Marchant wants to replace Secretary of State Barbara Cegavske, a Republican who has repeatedly said there was no evidence of widespread voter fraud in the 2020 election but who is barred from reelection by term limits.
Nevada is a presidential battlefield state. President Joe Biden beat Trump there by just 2.4 percentage points in 2020, and the state is poised to play a pivotal role again in 2024, when Republicans will try to turn their gains of years past among Latino voters into victories. .
Nevada is also a potentially crucial state in the November midterm elections. Republicans nominated two Trump-approved candidates for two major races: Former state attorney general Adam Laxalt, whose grandfather Paul Laxalt was a former governor, senator and a towering figure in Nevada politics, won the GOP’s primary against Democratic Senator Catherine Cortez Masto.
And Clark County Sheriff Joe Lombardo came out of the Republican contest to challenge Democratic administration Steve Sisolak, who is seeking his second term.
Democrat Dan Sanchez’s concession to Republican Mayra Flores in a special election for what had long been a Democratic House seat in Texas’s Rio Grande Valley offered another glimpse of the GOP’s gains among Latino voters and the enthusiasm gap faced by Democrats as the midterm elections approach.
As of early Wednesday morning, Flores held back three other candidates in the low-turnout contest, including Democrat Dan Sanchez, and took 50% of the vote, which could have prevented her from running for a runoff.
The seat became vacant when former Democratic Rep. Filemon Vela stepped down in March to become a lobbyist. Vela’s decision to release early bail appears to have been costly for his party in the short term, as it would further shrink Democrats’ majority in Congress.
But it could also damage the position of Democrats in South Texas in the longer term: Flores is already poised to take on the Democratic Rep. in the redrawn 34th district in November. Vicente Gonzalez, who currently represents a neighboring district. The newly elected district is more favorable to Democrats than the district Flores did for Tuesday’s special election, but she would have the advantage of an established position.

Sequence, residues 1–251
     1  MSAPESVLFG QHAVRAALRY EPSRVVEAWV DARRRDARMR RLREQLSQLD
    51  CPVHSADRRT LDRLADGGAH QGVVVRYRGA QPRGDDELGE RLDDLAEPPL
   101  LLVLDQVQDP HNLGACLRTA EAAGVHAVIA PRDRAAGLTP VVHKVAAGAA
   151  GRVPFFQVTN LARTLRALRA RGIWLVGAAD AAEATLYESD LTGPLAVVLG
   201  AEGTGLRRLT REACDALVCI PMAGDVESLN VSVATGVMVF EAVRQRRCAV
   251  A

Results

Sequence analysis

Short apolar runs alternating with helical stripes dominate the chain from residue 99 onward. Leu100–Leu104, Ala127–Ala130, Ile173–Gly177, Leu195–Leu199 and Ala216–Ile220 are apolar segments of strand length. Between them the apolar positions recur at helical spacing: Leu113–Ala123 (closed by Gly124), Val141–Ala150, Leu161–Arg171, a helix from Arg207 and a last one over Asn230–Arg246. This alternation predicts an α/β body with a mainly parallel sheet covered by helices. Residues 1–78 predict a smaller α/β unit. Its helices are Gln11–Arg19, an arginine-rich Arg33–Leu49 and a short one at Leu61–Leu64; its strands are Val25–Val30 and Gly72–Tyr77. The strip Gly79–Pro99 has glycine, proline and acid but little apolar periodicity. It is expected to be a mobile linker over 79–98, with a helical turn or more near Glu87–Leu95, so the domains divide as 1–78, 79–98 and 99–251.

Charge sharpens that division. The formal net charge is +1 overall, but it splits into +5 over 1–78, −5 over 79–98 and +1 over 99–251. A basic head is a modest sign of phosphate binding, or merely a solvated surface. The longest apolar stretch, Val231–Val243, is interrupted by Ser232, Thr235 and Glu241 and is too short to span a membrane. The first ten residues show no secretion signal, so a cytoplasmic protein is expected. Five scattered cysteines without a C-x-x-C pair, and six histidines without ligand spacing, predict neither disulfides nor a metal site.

For Republicans, Flores’ victory would be another sign that the party is getting through to Latino voters in the Rio Grande Valley. If the GOP can replicate that trend, even in part, in other states — most notably Arizona and Nevada, two presidential battlefield states with Democratic senators set to be re-elected this fall, and regions like Orange County, California, home to a host of competitive Households. races – it would fundamentally shift the political map of the country.
Bombastic former Republican Governor of Maine, Paul LePage, is now poised to take on Democratic Governor Janet Mills after Tuesday’s two snap primaries that were mere formalities, as neither faced an opponent.
Republican former Rep. Bruce Poliquin, meanwhile, survived a match with a conservative activist and will now try to win back his former congressional district in a rematch of a hard-fought 2018 race against Democratic Rep. Jared Golden.
Maine uses a ranked-choice voting system. In 2018, Poliquin even got more first-place votes than Golden. But after the ranked choice system eliminated outside candidates, Golden prevailed. But Trump won the district in 2020, giving Republicans hope they can win the New England seat again in November.
Meanwhile, Republicans in North Dakota nominated Senator John Hoeven for a third term, widely expected to win in November.